The U.S. Food and Drug Administration (FDA) has found the E. coli strain linked to two leafy greens outbreaks in cattle feces on a road uphill from the farms where the implicated greens were grown. The finding was announced today as the agency wrapped up its investigation of a leafy greens E. coli outbreak in the fall of 2020 that was caused by the same E. coli strain associated with a romaine outbreak in the fall of 2019.
“The results of the FDA’s investigation of this outbreak are a surprise to no one,” said Food Safety Attorney Fred Pritzker, whose law firm has represented many of the people sickened by contaminated salad greens. “Each year is the same. There is an outbreak, the FDA investigates, and then makes recommendations that growers take action to prevent contamination from cow manure on adjacent ranches and improve their record-keeping so investigators can more easily trace back the source of contamination.”
The problem, said Pritzker, is that basic food safety measures shouldn’t be suggestions that can, and have, been ignored. They should be mandatory.
This E. coli outbreak is one of nine linked to leafy greens since 2017 caused by the same E. coli strain, the same lettuce grower or both. And, as was the case with most of its predecessors, it ended not because FDA investigators found the source and pulled the implicated product from store shelves, but because the growing season ended.
Where is the accountability, where are the consumer protections, Pritzker asked.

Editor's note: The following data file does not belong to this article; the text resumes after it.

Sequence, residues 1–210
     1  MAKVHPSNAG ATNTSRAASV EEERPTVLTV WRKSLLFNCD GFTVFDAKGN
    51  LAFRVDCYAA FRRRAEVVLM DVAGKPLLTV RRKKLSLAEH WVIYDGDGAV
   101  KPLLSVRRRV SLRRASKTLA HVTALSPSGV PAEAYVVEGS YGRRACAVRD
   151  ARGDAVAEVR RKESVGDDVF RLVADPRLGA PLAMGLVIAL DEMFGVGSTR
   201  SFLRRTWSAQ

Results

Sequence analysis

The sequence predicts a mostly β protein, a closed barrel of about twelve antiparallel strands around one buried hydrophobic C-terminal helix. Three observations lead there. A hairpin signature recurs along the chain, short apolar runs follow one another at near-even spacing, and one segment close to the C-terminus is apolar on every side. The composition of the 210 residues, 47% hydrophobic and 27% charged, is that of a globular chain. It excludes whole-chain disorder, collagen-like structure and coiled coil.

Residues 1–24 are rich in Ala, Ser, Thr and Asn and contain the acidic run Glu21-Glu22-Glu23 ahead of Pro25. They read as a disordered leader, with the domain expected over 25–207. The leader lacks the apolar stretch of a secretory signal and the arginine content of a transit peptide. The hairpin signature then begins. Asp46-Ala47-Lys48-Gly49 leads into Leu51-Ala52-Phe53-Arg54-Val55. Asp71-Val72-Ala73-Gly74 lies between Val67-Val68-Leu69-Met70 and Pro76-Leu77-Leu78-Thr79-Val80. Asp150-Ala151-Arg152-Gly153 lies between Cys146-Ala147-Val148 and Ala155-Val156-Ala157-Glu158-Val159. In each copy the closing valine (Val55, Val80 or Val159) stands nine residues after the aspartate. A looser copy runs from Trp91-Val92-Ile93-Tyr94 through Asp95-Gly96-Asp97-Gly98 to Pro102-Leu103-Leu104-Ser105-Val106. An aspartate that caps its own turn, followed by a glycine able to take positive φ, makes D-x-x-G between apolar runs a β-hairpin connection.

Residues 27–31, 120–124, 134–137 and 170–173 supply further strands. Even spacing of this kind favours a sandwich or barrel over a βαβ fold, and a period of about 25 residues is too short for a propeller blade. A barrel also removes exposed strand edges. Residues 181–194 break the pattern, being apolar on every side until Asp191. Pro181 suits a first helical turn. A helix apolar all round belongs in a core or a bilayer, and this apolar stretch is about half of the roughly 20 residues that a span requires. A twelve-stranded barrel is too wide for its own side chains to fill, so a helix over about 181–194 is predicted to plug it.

Hundreds of people have suffered serious illness and some have died. The nine most recent outbreaks sickened more than 540 people, putting at least 241 in the hospital. Fifty people developed hemolytic uremic syndrome (HUS) a form of kidney failure associated with E. coli infections and seven people died. From eating salad.
And that’s just the announced outbreaks since 2017. In the preceding decade, 40 E. coli outbreaks were linked to leafy greens. Together, those outbreaks resulted in 1,212 illnesses, 420 hospitalizations, 77 cases of HUS and eight deaths.
The 2020 outbreak sickened 40 people in 19 states. Twenty people were so sick they needed to be hospitalized, four of them developed HUS. The number of cases reported from each state was: AZ (2), CA (6), IL (2), IN (1), KS (4), MI (3), MN (2), MO (3), ND (4), OH (1), OR (1), PA (2), TN (2), TX (1), UT (1), VA (1), WA (1), WI (2), and WY (1).
The FDA ended its announcement today saying: “In the meantime, as recommended in our Leafy Greens Action Plan, the FDA continues to recommend growers assess and mitigate risk associated with adjacent and nearby land-use practices, particularly as it relates to the presence of livestock, which are a persistent reservoir of E. coli O157:H7 and other STEC.”
The fact that cattle are the primary reservoir of E. coli O157:H7 is well-known, said Pritzker. So are the facts that water runs downhill and contaminated water should not be used to irrigate crops.